After a very successful daytrip to Kotor, we were keen to check out another Yugoslavian country: Bosnia and Herzegovina. We left early to try to avoid long lines at the border, and we definitely succeeded, though maybe because the car navigator sent us through some mountain roads where the border wasn’t even manned. The drive was quite scenic, so we didn’t complain, and we made it to Mostar in less than 2 and a half hours.Continue reading “Mostar and Kravica waterfalls as a daytrip from Dubrovnik”
Looking for things to do around Dubrovnik, I realized we could easily pop over to nearby Montenegro, and even better, to what might be its most famous site, Kotor. We ended up leaving pretty late, because we realized we might need a COVID tests not to cross into Montenegro, but to get back into Croatia. Then we go stuck for well over an hour at the border crossing, so even though it was supposed to be a 2-hour drive, we didn’t make it to Kotor until around 2pm.Continue reading “Kotor as a daytrip from Dubrovnik”
The popularity of Dubrovnik has exploded in recent years, “thanks” to Game of Thrones. But before and beyond that craze, Dubrovnik must be one of the most magical cities in the world. It is a very manageable place, easily visited on foot in a day, though we thought the four nights we spent there were perfect to enjoy it at leisurely pace, plus take some daytrips to neighboring Montenegro and Bosnia.Continue reading “Dubrovnik, a fairytale town”
Despite the tough competition, Hvar might very well be the best island to visit in Croatia. Admittedly, our own choice might not have been based on extensive research, but rather based on the fact that we had a rental car, and therefore our ferry options were more limited. But we loved the couple of days we spent on this island, it packs such an incredible range of experiences.Continue reading “Top things to do in Hvar”
After an epic day in Plitvice Lakes, we drove to Split, our first stop on the Dalmatian coast. Split is a strange city. On the one hand side, it’s the second largest of Croatia, a transportation hub, and the first thing you see when driving in are shabby high-rises. On the other hand side, it’s a historical jewel, a much-deserved UNESCO World Heritage Site. The heart of the old town is the Diocletian Palace, and incredibly well-preserved complex from 305 AD. The whole area is pedestrian-only, and packed with charming cafes and shops, directly on top of 2000-year old marble streets and plazas.Continue reading “The best place to stay in Split”
Cartagena de Indias is a UNESCO Heritage Site, and regularly tops the list of most beautiful colonial cities around the world. This reputation is well deserved. Cartagena can easily be visited on foot in a couple of days, but it’s also the kind of place where you won’t regret having extra time.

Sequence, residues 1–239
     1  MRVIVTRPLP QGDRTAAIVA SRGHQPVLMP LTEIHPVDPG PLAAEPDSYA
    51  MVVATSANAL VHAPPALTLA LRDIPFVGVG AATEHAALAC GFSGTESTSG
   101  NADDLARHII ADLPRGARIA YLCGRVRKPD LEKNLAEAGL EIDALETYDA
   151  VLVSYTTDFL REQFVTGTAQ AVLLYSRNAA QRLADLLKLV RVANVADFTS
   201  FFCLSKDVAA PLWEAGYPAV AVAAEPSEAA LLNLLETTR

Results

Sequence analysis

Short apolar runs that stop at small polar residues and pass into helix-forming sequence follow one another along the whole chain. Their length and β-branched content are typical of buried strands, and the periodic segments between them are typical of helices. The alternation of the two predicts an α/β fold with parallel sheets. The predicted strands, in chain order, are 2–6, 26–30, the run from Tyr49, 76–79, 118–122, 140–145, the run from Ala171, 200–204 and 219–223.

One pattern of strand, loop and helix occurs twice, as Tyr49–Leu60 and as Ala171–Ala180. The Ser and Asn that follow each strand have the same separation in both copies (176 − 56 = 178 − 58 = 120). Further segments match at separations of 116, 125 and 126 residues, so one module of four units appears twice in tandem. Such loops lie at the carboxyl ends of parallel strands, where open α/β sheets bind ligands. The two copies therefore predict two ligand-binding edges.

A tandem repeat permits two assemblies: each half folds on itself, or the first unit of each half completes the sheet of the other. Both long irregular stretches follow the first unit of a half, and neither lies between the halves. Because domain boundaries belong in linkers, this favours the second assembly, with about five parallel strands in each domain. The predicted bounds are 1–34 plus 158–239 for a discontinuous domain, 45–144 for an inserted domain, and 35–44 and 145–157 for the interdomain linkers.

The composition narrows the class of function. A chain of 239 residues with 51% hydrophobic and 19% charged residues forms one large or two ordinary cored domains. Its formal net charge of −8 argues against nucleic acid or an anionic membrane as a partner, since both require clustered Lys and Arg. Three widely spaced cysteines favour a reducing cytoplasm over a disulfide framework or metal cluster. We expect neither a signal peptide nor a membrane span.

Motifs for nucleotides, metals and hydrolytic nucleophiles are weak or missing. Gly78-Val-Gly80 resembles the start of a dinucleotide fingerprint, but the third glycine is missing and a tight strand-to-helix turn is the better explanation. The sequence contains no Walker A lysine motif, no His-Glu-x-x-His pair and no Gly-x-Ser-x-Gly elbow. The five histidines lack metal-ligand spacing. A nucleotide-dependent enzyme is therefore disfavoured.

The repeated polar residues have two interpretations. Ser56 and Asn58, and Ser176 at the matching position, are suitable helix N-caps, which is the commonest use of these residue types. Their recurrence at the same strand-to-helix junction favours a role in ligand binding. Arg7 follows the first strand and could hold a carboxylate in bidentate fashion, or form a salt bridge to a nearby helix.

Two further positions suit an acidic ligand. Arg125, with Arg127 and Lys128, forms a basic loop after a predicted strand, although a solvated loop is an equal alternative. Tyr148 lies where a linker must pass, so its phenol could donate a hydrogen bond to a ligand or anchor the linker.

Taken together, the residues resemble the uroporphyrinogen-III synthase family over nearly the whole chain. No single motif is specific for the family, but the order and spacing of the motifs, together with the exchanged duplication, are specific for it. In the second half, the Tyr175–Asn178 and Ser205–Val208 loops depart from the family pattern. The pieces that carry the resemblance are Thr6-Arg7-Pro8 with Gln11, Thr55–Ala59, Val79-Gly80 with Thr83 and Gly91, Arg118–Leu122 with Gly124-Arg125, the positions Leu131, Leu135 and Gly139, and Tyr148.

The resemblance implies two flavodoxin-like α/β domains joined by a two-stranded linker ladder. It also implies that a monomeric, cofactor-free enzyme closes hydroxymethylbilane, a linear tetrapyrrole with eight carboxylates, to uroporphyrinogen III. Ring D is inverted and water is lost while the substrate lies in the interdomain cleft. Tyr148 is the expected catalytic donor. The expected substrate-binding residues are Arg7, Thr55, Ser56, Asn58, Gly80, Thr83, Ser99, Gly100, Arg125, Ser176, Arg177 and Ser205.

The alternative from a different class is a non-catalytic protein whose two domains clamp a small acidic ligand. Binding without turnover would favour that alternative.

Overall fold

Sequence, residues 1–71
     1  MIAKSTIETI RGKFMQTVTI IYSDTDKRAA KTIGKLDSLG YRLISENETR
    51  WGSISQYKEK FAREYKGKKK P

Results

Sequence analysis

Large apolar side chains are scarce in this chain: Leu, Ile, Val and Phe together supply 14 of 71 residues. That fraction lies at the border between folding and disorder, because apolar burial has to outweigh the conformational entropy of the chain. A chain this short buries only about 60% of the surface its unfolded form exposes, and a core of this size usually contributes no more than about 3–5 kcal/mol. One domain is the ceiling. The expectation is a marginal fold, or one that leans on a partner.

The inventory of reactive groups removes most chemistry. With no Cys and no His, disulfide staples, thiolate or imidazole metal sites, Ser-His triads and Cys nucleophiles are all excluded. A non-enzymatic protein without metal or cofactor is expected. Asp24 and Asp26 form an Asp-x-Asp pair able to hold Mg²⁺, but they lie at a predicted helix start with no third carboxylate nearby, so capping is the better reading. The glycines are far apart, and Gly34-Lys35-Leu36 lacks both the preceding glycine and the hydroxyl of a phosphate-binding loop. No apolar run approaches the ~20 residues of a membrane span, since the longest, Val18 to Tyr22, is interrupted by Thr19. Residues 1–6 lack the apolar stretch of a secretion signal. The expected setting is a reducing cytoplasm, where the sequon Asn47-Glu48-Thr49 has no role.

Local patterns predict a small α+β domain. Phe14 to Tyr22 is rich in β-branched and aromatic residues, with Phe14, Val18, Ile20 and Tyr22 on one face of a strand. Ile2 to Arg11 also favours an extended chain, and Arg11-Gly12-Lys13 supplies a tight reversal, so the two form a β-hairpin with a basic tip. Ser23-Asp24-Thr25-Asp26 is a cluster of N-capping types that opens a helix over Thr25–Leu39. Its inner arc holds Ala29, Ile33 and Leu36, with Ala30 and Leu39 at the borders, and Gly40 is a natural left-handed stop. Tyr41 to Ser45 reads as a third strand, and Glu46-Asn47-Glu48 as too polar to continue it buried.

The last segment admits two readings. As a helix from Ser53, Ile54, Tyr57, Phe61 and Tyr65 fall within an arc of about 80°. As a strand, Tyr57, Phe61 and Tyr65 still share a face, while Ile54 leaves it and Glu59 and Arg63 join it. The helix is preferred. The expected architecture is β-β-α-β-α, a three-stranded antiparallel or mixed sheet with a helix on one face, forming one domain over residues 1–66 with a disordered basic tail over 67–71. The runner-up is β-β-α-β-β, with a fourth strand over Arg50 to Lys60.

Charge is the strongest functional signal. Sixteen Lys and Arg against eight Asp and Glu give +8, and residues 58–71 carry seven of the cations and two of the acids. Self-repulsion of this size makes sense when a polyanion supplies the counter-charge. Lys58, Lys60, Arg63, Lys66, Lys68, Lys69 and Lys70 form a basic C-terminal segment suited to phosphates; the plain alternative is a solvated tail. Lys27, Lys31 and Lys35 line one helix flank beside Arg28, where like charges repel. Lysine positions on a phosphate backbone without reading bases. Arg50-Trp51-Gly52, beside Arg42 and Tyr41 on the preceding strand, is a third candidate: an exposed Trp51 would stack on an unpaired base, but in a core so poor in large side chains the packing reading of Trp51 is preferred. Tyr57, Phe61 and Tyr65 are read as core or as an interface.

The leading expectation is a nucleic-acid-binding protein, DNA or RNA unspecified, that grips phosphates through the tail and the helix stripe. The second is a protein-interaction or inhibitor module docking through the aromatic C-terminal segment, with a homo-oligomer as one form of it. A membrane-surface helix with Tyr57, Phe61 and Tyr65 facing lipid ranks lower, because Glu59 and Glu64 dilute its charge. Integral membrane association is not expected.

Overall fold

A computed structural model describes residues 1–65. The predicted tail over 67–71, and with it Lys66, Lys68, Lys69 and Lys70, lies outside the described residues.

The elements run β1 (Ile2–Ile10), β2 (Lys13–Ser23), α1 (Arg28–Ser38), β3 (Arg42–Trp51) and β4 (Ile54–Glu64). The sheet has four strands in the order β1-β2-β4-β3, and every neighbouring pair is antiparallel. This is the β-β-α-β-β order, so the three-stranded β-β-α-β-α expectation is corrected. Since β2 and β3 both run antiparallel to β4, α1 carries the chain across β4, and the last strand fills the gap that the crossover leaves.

Last week, I had a chance to visit Tokyo on the back of a business trip… and it was an incredible experience! Despite it being such a large city, it is very easy to move around on foot and using the metro (once I figured out how to get a Suica or Pasmo card), and I was able to check out all these top spots in about two days. Here they are, in a very non-scientific order of preference:
- Hiking all of Petra… and marveling at the Treasury at night
NICE TO HAVE:
- Bedouin camp in the Wadi Rum desert
- Floating in the Dead Sea
- The Roman ruins of Jerash
- The Crusader Kerak Castle
- 5 days
- Ferry from Sharm el Sheikk (Egypt)
- Buses / public shuttles if you can make the schedule work…
- … Otherwise private drivers / taxi for Aqaba – Wadi Rum, Wadi Rum – Wadi Musa (Petra), Wadi Musa – Dead Sea, Dead Sea – Amman (airport)
- Organized tour in Wadi Rum
- Hiking on your own in Petra
Just 10 days earlier I had marveled at the pyramids of Giza, one of those rare sights that live up to their tremendous expectations. The pink city of Petra, immortalized in Indiana Jones and the Last Crusade, stands to the same test. And our first impression of it, on a dark, starry night and lit up by hundreds of candles, was magical. I definitely recommend planning your trip to make sure that you can enjoy Petra by Night, which runs only certain days. Make sure to get there early (they let people in way before the official 8:30pm start time), and don’t let the high price (17 JD, ~S25), the hordes of tourists, the organizational chaos (if too many people come they just sit them in front of the first row, blocking the view), and the tacky show ruin it for you.
A cruise on the river Nile between Luxor and Aswan, stopping in several ancient sites, is a classic in any Egypt itinerary. We arrived in Luxor on a fairly comfortable overnight train from Cairo, and embarked on a 4-day cruise southbound. The word cruise is a bit of a misnomer, since these it’s rather floating hotels; all the boats do the same itinerary, and travelers from different groups get on them for sleep, food and the limited transit that actually occurs on the river, and are picked up by their respective guides at each stop. We got a pretty good deal through Imperial Egypt ($360 all inclusive); our guide was fantastic and private (absolutely recommended to really immerse yourself in the culture and history), while the boat we were put on, the Liberty, and the food on board were quite crappy. Below a quick recount of the places we visited.